Horse Racing is one of the most popular sports in Hong Kong, with an extensive racing history dating back to 1841. Today, horse racing is a major industry in Hong Kong, contributing over HK$20 billion to the city’s economy each year. The largest in the world, at 1.3 billion ($170 million), is the turnover per race.
There are currently two major horse racing venues in Hong Kong: Sha Tin Racecourse, and Happy Valley Racecourse. Some of the most successful horse racing trainers in Hong Kong include:
Caspar Fownes is one of the most successful horse racing trainers in Hong Kong. He gained his license in 2003/2004. Fownes has trained some of the most successful horses in Hong Kong, including The Duke, Green Birdie, and Lucky Nine. His stable has won the Hong Kong trainers’ championship four times, in 2006/2007, 2008/2009, 2013/14, and 2020/21. More than any other professional Hong Kong-based trainer, Fownes is renowned for his success at Happy Valley, where he has amassed 518 career victories. His win percentage is 7.82%
Inducted into the Australian Racing Hall Of Fame in 2018, John Size is among the most outstanding racehorse trainers in Hong Kong’s history. Before moving to Hong Kong in 2001, John Size was a renowned horse trainer in Sydney with a track record for developing and rekindling the spirit in his horses. He had trained 1257 winners in Hong Kong by the end of the 2019–20 season, placing him just behind Tony Cruz with 1294 and John Moore with 1735. His win percentage is even higher than Fownes, at 12.8%
John Moore is one of the most successful and respected horse trainers in Hong Kong. As his father’s assistant, John Moore started working in Hong Kong racing in 1971. John Moore obtained his trainer’s license in 1985 and established a very lucrative career in Hong Kong. In 2005, Moore broke Brian Kan’s record for the most career victories by a trainer in Hong Kong racing. He won the Hong Kong Trainers Premiership 5 times. His career number of winners increased to 1,400, with the 55 he saddled in 2013–2014.
Former Champion Thoroughbred racing jockey Anthony Stephen da Cruz is a well-known horse trainer. Cruz began riding during the 1973–74 campaign. He then won 946 races while riding for him, becoming Hong Kong’s premier jockey six times. He is the second-highest prize money earner in Hong Kong history. His win percentage is 11.39.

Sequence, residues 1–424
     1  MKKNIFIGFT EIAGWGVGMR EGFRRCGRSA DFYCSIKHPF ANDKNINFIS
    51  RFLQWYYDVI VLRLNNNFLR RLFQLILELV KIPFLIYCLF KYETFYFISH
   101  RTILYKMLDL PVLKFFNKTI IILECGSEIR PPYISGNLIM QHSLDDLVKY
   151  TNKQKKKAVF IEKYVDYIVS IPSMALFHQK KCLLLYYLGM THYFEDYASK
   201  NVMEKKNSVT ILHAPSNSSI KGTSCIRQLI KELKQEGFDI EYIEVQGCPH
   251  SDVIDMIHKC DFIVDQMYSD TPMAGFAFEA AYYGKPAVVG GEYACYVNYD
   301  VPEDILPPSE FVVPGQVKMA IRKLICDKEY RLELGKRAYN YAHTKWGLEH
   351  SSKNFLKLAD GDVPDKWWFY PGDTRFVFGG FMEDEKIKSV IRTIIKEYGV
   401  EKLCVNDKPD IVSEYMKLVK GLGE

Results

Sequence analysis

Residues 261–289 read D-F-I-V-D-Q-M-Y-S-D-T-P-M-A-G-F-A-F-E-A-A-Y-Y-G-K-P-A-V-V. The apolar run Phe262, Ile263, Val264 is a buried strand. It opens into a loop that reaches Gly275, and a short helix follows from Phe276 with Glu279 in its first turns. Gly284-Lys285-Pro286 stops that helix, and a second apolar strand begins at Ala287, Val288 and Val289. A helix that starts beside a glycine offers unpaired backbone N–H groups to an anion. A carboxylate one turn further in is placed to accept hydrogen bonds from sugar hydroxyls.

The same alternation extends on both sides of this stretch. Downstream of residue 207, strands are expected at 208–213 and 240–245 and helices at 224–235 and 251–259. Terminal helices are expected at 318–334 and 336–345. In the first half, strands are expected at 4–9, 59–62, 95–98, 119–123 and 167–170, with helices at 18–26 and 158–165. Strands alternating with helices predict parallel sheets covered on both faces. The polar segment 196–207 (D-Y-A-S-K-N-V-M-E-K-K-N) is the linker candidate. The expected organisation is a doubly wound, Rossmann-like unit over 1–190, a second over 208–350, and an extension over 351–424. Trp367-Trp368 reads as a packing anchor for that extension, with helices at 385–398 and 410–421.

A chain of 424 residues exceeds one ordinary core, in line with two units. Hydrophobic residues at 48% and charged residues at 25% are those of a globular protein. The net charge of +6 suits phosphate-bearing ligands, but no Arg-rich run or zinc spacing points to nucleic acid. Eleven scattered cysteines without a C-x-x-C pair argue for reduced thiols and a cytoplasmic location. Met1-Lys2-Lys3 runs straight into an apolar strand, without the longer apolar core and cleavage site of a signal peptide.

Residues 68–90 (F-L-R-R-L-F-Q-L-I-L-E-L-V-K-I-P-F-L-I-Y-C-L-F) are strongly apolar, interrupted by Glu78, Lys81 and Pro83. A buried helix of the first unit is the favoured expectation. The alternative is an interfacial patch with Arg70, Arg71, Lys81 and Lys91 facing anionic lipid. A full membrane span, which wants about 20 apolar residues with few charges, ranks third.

Other Popular Hong Kong Horse Racing Trainers
Among the list of most successful horse racing trainers in Hong Kong are Frankie Lor, Danny Shum, Francis Lui, Doug Whyte, Me Tsui, David Hall, Dennis Yip, Chris So, Benno Yung, Ricky Yiu, Jimmy ting, David Hayes, Tony Millard, Manfred Man, Paul O’Sullivan, David Ferraris, and Richard Gibson.
How many horse trainers are there in Hong Kong?
There are currently 24 active and licensed horse trainers in Hong Kong. Without a license from The Hong Kong Jockey Club, no trainer is permitted to train racehorses in Hong Kong.
Who owns the HK jockey Club?
The Hong Kong Jockey Club is a not-for-profit organisation currently owned by The Hong Kong SAR Government. The Hong Kong Jockey Club is a limited liability corporation. It has no investors. The Club manages horse racing in Hong Kong and offers legal lottery and sports betting services as permitted by the government.
What is the turnover for horse racing in Hong Kong?
The turnover for horse racing in Hong Kong is 1.3 billion ($170 million). This makes it the largest horse racing industry in the world.
Where do horses train in Hong Kong?
There are four major horse racing venues in Hong Kong: Sha Tin Racecourse, Happy Valley Racecourse, Beas River Racecourse, and Kau Sai Chau Public Golf Course. There are also several minor training tracks located throughout the city. Hong Kong’s thoroughbred racehorses are trained at the top-notch Hong Kong Jockey Club Conghua Racecourse. Sha Tin Racecourse has served as the exclusive stable and training facility for horses from Hong Kong since the late 1970s.
In Hong Kong, how many horses are being trained?
Less than 1% of the world’s racehorses are trained in Hong Kong, with just 1,400 of them. Despite this and the lack of a breeding business, Hong Kong is home to some of the top racehorses in the world.
How are horses kept in Hong Kong?
Horses in Hong Kong are kept in various ways, depending on their purpose and owner’s preference. The most common method is keeping them in stables, which can be private or public. Several horse farms are also located around the city where horses are kept. For racing purposes, most horses are kept at the Sha Tin Racecourse.
Do fillies race in Hong Kong?
Yes, fillies race in Hong Kong. There are several races specifically for fillies throughout the year. The most notable is the Hong Kong Derby, a Group 1 race open to fillies aged three and up. The Hong Kong Derby is run over 2,000 meters and has a purse of HK$18 million.